A more extreme support system than knee sleeves, braces are usually for players that have been recently injured, still recovering, or having suffered an extreme injury to your knee such as breaking the bone or tearing your ACL.
This device provides amazing support to your knee and is one of the best tools for being able to play after a serious injury. Depending on your goal, braces can either be worn continuously for your playing career, or for a short time to address specific concerns.
Talk to your coach, physical trainer, or doctor about whether this is right for you.
Frequently Asked Questions (FAQs)
How Do You Stop Your Knee Pads From Slipping Down?
If your knee pads fit properly, they will keep themselves from slipping down. I highly recommend just buying a pair that fits properly to solve this problem.
What To Read Next:
- How to Wash Volleyball Knee Pads Without Wrecking Them
- How Long Do Volleyball Knee Pads Last? (Honest Perspective)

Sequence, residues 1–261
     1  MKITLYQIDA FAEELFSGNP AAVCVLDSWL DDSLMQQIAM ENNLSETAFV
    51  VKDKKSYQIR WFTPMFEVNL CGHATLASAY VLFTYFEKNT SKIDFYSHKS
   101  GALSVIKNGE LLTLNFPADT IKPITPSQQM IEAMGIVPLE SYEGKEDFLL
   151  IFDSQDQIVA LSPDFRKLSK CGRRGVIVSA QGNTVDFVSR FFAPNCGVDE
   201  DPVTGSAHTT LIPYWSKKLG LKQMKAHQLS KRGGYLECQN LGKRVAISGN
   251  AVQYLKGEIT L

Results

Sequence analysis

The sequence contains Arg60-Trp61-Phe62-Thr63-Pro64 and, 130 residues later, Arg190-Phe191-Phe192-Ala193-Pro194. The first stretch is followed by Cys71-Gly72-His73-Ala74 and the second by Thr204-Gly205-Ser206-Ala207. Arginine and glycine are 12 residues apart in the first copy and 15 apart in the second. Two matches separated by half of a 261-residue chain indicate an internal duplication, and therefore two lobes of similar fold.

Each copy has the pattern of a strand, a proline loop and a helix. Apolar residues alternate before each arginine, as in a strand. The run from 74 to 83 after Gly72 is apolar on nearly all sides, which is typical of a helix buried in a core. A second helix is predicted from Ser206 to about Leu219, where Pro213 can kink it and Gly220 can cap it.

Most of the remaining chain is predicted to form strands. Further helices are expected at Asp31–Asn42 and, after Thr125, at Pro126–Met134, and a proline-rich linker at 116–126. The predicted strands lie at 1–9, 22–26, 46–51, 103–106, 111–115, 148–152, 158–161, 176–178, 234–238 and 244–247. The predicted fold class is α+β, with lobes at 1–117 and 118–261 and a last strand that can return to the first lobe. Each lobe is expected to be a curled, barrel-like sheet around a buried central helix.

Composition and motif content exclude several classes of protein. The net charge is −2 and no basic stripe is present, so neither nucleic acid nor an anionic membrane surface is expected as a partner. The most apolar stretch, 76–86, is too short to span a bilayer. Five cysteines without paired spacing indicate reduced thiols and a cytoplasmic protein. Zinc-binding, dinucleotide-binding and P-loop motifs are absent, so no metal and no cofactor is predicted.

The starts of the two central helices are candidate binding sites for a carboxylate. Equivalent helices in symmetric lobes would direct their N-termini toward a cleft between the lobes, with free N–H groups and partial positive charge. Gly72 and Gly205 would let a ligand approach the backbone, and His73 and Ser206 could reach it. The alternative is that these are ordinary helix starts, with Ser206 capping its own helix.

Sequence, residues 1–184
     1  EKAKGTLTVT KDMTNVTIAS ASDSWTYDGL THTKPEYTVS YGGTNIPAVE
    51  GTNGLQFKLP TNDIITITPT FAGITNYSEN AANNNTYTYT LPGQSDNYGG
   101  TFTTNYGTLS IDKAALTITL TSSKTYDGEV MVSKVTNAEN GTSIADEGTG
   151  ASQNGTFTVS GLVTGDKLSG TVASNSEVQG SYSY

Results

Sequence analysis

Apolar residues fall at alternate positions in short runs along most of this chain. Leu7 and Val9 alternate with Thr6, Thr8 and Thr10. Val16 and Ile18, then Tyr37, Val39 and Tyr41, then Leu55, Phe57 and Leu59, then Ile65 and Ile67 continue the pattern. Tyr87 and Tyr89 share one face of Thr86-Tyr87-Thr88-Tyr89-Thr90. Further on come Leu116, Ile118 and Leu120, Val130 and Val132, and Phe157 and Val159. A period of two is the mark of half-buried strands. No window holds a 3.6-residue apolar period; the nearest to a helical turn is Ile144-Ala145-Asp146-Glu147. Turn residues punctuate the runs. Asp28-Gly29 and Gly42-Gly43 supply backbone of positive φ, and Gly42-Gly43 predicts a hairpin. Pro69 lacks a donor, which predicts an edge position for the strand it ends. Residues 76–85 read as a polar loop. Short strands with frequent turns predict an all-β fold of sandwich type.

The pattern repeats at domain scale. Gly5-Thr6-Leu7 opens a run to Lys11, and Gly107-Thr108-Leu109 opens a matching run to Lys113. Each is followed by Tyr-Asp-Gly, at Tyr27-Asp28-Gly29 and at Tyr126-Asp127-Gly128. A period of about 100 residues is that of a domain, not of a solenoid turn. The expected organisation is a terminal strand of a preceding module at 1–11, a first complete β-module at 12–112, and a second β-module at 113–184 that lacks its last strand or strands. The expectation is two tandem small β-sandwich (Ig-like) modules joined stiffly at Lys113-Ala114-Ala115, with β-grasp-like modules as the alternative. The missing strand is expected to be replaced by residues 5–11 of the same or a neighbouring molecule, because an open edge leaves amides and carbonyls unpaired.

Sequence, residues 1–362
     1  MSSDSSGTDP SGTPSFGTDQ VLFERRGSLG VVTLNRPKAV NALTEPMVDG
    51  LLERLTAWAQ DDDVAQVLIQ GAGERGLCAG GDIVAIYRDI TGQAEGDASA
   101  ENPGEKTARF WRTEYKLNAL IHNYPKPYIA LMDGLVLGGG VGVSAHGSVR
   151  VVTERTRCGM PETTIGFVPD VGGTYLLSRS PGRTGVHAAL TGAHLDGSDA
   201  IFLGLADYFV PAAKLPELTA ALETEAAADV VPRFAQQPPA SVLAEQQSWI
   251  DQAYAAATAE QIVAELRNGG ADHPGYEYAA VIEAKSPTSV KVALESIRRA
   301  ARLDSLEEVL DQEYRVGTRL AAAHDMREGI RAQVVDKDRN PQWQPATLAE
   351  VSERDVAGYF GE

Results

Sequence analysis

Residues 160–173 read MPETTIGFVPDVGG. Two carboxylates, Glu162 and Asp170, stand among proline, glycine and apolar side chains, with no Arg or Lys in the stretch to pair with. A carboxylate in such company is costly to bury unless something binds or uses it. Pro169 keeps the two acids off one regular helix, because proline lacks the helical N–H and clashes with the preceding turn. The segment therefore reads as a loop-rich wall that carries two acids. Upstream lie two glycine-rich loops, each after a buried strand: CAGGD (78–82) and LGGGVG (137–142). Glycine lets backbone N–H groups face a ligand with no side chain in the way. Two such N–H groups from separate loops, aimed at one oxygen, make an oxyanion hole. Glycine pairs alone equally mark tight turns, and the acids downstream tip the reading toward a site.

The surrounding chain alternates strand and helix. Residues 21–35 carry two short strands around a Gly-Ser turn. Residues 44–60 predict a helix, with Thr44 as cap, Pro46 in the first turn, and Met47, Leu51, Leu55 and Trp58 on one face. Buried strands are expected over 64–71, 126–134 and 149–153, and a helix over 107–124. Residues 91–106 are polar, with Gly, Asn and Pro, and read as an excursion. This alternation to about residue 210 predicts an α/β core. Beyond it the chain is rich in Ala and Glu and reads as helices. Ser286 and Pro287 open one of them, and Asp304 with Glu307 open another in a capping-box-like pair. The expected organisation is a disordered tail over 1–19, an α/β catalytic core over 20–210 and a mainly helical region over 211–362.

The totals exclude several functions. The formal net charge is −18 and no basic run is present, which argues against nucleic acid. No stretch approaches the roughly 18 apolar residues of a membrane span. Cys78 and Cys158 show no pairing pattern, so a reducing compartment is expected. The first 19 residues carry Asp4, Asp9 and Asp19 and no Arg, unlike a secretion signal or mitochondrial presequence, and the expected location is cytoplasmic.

- How Much Do Volleyball Knee Pads Cost? (Breakdown Per Brand)
- What Are Volleyball Knee Pads Made Of? (Materials Explained)
- Volleyball vs Basketball Knee Pads: Differences, Pros, Cons
- Best Volleyball Knee Pads For Liberos
About The Author
Ailan Samuel is a writer and athlete who has played volleyball at the university, club, and national level since 2012. He has competed successfully in both beach and indoor competitions, resulting in four silver and two gold medals, and was awarded the Half-Blue while playing in Scotland. He received his MA in English and Medieval History from the University of St Andrews, Scotland, and is currently studying for his MA in Publishing and Creative Writing at Bournemouth University.